Of the ten student representatives contacted by The Dartmouth, all but two said the Initiative unduly scapegoats the Greek system.

And most said the College's recent decision to remove permanent bars in Greek houses was an ineffective effort to curb alcohol consumption. While a couple said the move was well-intentioned, the majority thought the College should have no role in deciding such matters.

And of those ten students, none agreed with the current moratorium on Greek houses. While all the representatives agreed that there is no need for more fraternities, they all believed that female students would benefit from a seventh sorority to eliminate the current space crunch.

The representatives were more mixed on such issues as alcohol, hazing and disciplinary policy.

A little less than half of the ten students said that the recent discipline exercised over Phi Delta Alpha and Psi Upsilon fraternities was merited, while the rest said that the punishments were efforts by the administration to set unnecessarily harsh examples.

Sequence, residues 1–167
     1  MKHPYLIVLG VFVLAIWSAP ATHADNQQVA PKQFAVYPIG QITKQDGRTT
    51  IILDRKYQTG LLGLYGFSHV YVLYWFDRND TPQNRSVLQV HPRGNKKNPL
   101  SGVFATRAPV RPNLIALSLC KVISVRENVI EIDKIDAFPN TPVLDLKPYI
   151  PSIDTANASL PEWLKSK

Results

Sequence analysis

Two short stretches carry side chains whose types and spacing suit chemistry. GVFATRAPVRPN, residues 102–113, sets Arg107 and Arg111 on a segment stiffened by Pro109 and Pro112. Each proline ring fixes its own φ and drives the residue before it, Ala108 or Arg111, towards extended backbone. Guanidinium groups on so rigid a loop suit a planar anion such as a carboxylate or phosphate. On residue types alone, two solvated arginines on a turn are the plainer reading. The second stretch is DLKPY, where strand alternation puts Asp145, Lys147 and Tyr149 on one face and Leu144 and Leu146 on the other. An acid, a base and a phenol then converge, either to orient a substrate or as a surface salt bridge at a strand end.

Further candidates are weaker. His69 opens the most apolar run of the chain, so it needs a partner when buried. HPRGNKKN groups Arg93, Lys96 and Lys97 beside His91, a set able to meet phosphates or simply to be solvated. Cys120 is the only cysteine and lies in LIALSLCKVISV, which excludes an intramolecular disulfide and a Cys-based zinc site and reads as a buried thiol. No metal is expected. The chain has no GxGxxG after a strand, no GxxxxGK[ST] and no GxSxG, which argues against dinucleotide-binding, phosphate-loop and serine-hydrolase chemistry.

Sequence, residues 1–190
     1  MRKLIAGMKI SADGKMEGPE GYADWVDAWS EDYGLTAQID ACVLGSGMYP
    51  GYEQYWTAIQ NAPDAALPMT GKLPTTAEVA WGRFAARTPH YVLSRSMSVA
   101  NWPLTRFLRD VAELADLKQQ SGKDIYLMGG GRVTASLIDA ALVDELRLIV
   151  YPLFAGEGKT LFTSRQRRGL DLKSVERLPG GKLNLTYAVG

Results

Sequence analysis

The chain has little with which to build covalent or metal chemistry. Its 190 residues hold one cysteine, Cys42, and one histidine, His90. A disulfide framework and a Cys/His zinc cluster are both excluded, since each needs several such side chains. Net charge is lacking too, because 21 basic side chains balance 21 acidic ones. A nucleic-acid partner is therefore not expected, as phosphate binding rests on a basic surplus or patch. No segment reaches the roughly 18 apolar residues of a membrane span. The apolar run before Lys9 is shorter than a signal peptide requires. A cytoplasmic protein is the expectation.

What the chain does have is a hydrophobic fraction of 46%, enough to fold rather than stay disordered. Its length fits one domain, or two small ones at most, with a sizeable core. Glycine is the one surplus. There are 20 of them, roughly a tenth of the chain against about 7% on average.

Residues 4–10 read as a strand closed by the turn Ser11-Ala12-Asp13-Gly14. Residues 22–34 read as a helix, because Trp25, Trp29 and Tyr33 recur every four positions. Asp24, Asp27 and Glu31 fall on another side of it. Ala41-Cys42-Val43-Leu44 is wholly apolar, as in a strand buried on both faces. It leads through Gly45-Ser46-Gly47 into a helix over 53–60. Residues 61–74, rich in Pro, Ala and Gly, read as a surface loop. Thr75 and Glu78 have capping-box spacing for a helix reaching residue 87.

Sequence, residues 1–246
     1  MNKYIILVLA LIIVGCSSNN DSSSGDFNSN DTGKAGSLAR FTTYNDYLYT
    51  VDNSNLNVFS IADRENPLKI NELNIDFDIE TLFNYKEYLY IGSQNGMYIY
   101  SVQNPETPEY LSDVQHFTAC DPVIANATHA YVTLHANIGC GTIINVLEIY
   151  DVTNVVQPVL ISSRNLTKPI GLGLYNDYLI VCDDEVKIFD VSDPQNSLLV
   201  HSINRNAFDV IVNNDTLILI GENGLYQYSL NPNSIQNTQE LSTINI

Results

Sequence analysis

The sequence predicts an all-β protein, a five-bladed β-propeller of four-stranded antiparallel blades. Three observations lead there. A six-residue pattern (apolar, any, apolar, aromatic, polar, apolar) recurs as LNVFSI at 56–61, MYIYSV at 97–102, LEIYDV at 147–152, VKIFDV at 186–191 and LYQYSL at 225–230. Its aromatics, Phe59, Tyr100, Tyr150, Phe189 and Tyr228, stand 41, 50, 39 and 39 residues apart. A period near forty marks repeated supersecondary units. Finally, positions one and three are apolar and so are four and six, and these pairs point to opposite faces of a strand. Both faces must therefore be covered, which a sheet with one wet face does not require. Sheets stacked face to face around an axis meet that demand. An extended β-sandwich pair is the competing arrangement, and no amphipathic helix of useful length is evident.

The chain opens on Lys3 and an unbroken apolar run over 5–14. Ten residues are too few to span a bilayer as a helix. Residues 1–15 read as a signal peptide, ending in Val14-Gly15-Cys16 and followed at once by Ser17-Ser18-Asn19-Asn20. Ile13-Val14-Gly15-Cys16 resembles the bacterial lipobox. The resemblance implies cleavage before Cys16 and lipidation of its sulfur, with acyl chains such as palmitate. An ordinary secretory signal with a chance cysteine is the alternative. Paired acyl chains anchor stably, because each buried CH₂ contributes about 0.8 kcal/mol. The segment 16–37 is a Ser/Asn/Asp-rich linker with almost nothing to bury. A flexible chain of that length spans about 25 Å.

With regards to the right of the CFSC to regulate its own judicial policy and discipline its members as the body sees fit, a few of the representatives said the CFSC should exercise full authority, most said that there should be a collaborative process with the College, and one said only the administration should decide such matters.

Similarly, about half of those contacted thought the College should draft and enforce a more stringent hazing code, while the other half thought that individual houses are successful in curbing such peer pressure.

Not surprisingly, the committee representatives who are currently members of Greek organizations expressed more skepticism toward the Initiative.

"I think the Initiative is, in some ways, very anti-Greek," said Chung '02, a member of Sigma Alpha Epsilon fraternity. "I think it pins a lot of things on the Greek system, like alcohol and diversity issues that I think the Greek system should not be blamed for."

He continued, "But I think there are a lot of good things, like the College providing more options, and making the Greek system become stronger."

Overall, the unaffiliated students had different opinions.

"I've had the opportunity to see the good aspects and the bad aspects of the system. In my view, the good aspects of the system are important enough to be kept. But the bad aspects are disturbing enough to be reviewed," said Shnayerson '03, who is also a reporter for The Dartmouth.

She said positive components of the Greek system include enhanced community, and that the negative components include hazing and inappropriate behavior.

"But we can't blame institutions for the actions of some individuals," Schnayerson continued.

Meyer, Gleason and Kleinerman were not available for comment.